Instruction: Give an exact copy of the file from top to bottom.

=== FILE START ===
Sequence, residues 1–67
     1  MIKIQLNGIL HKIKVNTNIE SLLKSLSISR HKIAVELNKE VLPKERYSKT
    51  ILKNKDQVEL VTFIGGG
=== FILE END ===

Sequence, residues 1–67
     1  MIKIQLNGIL HKIKVNTNIE SLLKSLSISR HKIAVELNKE VLPKERYSKT
    51  ILKNKDQVEL VTFIGGG